The palazzo is home to the Museum of Applied and Decorative Arts, with over two thousand exhibits that might be called the hidden patrimony of the Padua City Museums. It also houses the Museo Bottacin, which has a rich collection of medals and coins.
The Scuola della Carità [Hall of the Confraternity of Charity] is a medieval building that houses the Confraternità della Carità, one of the oldest and most important lay confraternities in Padua. Flourishing after the foundation of the Hospital of San Francesco, the confraternity administered bequests left to aid the ill and infirm, provide unmarried girls with dowers and finance other good works.
Founded in 1998 through the activity of Laura Minici Zotti, working in collaboration with Padua City Council’s Department of Culture and Tourism, the Museum of Pre-Cinema has a rich collection of the moving images and projectors that were to be found thoughout Europe from the eighteenth century onwards.
Villa Borbone-Conti-Schiesari-Disarò – to give it its full name – dates from the sixteenth/seventeenth century and was built for the Borbone-Conti, a family that belonged to the ancient nobility. It probably stands on the site of what had been the Castle of Conselve.
A meeting-place and a splendid private theatre, the Cornaro Loggia and Odeo are part of what was a much larger sixteenth-century complex of buildings and gardens designed by the great architect Giovanni Mari Falconetto for Alvise Cornaro, a wealthy patron of the arts.
Now the premises of the Accademia Galileiana di Scienze, Lettere ed Arti, this is the sole surviving part of a palace which once symbolised the grandeur of the Carraresi family. Guariento’s splendid frescoes in the Loggia are among the eight cycles of work at the core of Padua’s application for recognition as a UNESCO World Heritage Site.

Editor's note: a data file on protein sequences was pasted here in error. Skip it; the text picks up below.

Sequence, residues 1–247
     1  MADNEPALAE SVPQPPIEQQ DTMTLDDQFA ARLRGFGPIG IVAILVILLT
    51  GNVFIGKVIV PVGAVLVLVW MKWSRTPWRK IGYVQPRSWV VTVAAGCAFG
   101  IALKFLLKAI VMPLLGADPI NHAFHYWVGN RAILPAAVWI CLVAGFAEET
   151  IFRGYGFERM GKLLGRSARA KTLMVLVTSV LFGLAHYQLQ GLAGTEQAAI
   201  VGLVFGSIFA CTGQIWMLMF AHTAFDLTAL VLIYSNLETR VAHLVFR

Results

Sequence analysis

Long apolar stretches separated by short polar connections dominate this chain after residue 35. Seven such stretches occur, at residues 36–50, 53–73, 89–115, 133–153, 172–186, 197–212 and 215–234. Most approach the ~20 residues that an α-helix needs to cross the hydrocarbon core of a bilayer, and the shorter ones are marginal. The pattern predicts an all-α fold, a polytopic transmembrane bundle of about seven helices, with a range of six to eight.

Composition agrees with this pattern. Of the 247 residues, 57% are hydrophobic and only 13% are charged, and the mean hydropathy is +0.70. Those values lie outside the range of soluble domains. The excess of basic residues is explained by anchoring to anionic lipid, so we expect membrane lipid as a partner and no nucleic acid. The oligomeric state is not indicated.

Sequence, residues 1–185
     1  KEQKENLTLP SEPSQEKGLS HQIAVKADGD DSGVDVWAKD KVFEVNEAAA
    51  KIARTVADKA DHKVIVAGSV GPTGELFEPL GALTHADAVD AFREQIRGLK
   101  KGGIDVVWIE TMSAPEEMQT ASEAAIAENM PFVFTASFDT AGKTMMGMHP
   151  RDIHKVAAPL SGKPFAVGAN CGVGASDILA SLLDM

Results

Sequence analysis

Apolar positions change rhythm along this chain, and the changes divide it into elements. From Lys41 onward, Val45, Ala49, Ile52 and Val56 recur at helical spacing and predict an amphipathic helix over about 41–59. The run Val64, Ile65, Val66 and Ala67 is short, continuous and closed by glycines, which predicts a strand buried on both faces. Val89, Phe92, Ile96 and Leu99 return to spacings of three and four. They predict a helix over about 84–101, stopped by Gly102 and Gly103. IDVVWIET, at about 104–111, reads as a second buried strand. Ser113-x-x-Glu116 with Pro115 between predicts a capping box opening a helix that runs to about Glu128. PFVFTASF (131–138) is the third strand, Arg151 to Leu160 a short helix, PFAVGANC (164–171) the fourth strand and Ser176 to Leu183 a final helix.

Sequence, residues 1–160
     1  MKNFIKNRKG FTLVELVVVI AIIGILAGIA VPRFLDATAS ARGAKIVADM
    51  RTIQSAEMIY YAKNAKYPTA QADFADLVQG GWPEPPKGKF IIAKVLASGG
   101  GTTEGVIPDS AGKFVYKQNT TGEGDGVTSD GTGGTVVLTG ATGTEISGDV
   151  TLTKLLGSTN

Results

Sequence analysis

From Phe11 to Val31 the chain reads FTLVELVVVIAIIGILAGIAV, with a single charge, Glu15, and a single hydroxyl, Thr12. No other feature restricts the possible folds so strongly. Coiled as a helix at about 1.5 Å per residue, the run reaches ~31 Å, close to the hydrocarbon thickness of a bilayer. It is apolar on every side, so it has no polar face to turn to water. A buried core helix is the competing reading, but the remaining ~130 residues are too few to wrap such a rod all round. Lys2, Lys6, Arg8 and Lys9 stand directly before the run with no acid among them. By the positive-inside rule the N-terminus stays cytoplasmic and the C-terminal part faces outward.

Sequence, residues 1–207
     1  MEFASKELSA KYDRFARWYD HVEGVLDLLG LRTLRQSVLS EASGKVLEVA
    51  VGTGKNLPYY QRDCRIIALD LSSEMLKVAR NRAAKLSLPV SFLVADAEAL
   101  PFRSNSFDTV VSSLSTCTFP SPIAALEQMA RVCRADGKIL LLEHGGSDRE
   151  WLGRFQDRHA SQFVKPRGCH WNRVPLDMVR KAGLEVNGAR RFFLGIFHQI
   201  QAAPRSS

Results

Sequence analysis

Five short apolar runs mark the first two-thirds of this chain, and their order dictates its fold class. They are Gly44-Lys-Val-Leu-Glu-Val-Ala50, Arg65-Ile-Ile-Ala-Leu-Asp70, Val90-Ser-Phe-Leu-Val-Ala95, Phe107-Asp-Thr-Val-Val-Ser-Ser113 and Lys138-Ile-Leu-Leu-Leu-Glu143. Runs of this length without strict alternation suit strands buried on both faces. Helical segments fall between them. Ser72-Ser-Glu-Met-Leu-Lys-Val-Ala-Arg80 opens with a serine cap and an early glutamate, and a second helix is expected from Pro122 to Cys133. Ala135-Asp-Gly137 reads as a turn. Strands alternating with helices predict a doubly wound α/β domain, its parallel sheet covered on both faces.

Villa Lazara in Conselve was built in the fifteenth century for the Lazara family, powerful members of the ancient nobility. However, its present appearance is the result of substantial alteration and extension work carried out over the centuries.
The former Palazzo del Podestà [Governor], this is now known as Palazzo Moroni and takes its name from the architect Andrea Moroni, who modified the structure in the sixteenth century. The seat of Padua City Council, this is one of the most stylistically significant examples of Renaissance architecture within the Veneto region.
Set in the heart of aristocratic Padua, this square gets its name from the fact that it was the location of the Palazzo della Signoria, the palace of the Carraresi family who ruled the city from 1318 to 1405. The piazza provided a magnificent setting for the gathering of local noblemen, and nowadays Piazza dei Signori is one of the most atmospheric and lively open spaces in Padua, a symbol of the city’s history and its dynamic present.